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How horror films continue to insult women through the Final Girl trope

One of the most integral parts of slasher films (1970s and onwards) is the concept of the “Final Girl”. Not only is it now a really iconic and interesting term, it’s one that’s evolved over the years as societal views in the horror genre has too.

Coined by American film professor Carol J. Clover, the Final Girl in simplest terms, is the character in movies who is the last survivor. She’s the last woman left alive to confront the killer, therefore making her the one left to tell the story. What makes this particular horror trope worth exploring, is exactly how she’s been characterised over the years of horror remakes and slasher reboots.

In order to be the last survivor, the Final Girl has notable different objectives and morals from the rest of the characters. She will avoid social norms and is extremely distinguishable from the rest of the cast as she does not venture into the world of “adult life”. Stuck in a pre-pubescent state; she lives her life responsibly and focuses on her education instead. On the surface, the Final Girl is a vision of female empowerment and there are two in particular that really stand out.

LaurieStrode

Laurie Strode (Jamie Lee Curtis) – Halloween (1978)

The first example being the original Final Girl, Laurie Strode. Without this film or character, this popular horror trope wouldn’t even exist. The first genre-defining slasher movie is John Carpenter at his absolute best. As Laurie embodies Clover’s definition perfectly, she arguably set the guidelines for future Final Girl characters. She’s the first to show suspect suspicion and Laurie notices the presence of the antagonist before anybody else.

Many people will argue that as slasher films progress, the Final Girl has to become more masculine in order to survive. Clover and others have suggested that their weapons of choice have phallic connotations (i.e. knife, chainsaw), which suggests that females need the support of men to survive. Throughout Halloween Laurie is resourceful and uses objects around her house to defend herself. Notable examples are a knitting needle and a clothes hanger, although these are generally objects a woman would use, Laurie herself is somewhat masculine looking.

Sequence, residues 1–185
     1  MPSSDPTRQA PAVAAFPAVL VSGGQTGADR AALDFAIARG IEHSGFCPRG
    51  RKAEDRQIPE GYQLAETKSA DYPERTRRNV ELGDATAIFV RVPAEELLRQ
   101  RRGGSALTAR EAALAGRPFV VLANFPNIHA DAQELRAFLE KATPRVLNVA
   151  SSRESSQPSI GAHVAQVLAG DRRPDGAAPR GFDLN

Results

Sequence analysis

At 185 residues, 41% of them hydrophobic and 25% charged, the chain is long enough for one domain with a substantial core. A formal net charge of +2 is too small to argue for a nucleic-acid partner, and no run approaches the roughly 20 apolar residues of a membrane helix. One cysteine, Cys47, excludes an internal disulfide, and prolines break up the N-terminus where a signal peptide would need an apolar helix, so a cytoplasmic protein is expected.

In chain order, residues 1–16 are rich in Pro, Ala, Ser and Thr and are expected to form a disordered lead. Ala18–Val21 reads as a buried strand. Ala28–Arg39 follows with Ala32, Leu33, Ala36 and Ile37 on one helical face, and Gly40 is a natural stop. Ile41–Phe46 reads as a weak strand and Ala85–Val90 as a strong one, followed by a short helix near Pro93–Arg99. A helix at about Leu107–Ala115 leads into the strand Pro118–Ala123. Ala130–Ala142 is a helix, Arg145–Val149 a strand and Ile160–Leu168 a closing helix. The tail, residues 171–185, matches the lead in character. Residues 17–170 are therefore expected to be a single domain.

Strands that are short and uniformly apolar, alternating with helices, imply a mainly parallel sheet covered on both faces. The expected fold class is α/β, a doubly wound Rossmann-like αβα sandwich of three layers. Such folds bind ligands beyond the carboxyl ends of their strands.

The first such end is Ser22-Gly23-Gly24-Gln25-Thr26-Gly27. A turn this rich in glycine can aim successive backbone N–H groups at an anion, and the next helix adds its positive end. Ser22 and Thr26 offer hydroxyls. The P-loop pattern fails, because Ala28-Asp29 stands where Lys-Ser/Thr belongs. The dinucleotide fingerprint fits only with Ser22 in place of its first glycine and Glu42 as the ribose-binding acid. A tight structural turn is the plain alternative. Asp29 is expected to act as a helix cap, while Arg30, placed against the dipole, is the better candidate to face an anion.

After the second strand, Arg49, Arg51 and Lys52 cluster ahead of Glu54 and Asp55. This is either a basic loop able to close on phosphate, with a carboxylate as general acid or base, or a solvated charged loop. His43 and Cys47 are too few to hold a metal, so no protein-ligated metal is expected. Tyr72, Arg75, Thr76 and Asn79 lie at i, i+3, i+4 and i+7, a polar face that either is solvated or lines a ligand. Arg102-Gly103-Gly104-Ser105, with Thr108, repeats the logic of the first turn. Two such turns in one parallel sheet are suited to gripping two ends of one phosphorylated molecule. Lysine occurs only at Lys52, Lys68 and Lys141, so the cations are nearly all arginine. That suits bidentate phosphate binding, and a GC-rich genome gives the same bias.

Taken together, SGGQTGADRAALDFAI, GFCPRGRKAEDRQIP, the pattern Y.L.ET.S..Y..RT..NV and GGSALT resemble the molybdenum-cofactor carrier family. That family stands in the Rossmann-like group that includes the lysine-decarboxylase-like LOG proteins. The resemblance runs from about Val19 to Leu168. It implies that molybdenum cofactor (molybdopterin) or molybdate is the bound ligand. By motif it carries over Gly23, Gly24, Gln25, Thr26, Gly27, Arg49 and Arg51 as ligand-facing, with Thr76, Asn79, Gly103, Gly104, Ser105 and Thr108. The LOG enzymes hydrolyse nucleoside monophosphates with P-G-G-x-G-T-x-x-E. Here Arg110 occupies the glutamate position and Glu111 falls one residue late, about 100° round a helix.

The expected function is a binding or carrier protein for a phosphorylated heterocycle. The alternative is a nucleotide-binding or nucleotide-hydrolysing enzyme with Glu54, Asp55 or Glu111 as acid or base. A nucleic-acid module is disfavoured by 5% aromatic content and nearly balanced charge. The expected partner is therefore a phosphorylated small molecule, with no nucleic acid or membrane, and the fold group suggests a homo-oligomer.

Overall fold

The fact that Laurie is never sexually active like the other female characters in the film, suggests that women in general are punished for exploring their sexuality. Which is a trait that has unfortunately been recycled a countless amount of times in the horror genre. Laurie is an important example of a Final Girl as she embodies a number of ongoing conventions for this concept.

6c9d58d6993e11e090c412313b10052d_smallSidney Prescott (Neve Campbell) – Scream (1996)

Up until the ’90s it was strongly suggested that if a women’s sexuality isn’t visually clear only then will she have a chance against the killer. In the 1990s women became more open about being sexually active and feminism continued to evolve. The Scream franchise revolutionised the horror genre and most importantly the archetypal Final Girl, or so it seemed. This was achieved through challenging the defining ideologies of the genre by breaking the “rules”.

Scream mocks the conventions of the Final Girl horror trope by having the female protagonist go against her founding sisters by having sex during the film. Although Scream appears to present a new mould for the modern Final Girl, Sidney is still masculinised in order to survive. Through the films she obtains phallic objects that connote men. As she relies on them to defend herself, the films suggest that she is only strong when armed with a masculine object.

 

The Final Girl now

The Final Girl trope has never disappeared, and more horror films now are finding ways to incorporate her even more. The 2011 horror film Silent House is a strong example as it’s an experimental take on the Final Girl – actress Elizabeth Olsen is almost always the only character on screen. The recent Evil Dead remake rewrote the plot of the cult film so it featured a group of friends trapped together. The original is mostly Bruce Campbell fighting off evil by himself; in the new film, Mia’s friends are killed and she is left alone to confront and kill the demon with a chainsaw. The 2011 remake of The Thing does the same thing too by replacing an all male cast with a young woman in Kurt Russell’s role.

Horror films have been, and always will be about gender and sexuality. Often a sexually frustrated killer will kill those having sex when he can’t. The Final Girl works as a trope because it’s expected and although the concept has come a long way, there still aren’t enough strong examples. Today the Final Girl still proves that women in horror cannot survive being womanly without masculine objects, or use typically women’s objects without being masculine looking.

 

– Catstello

 


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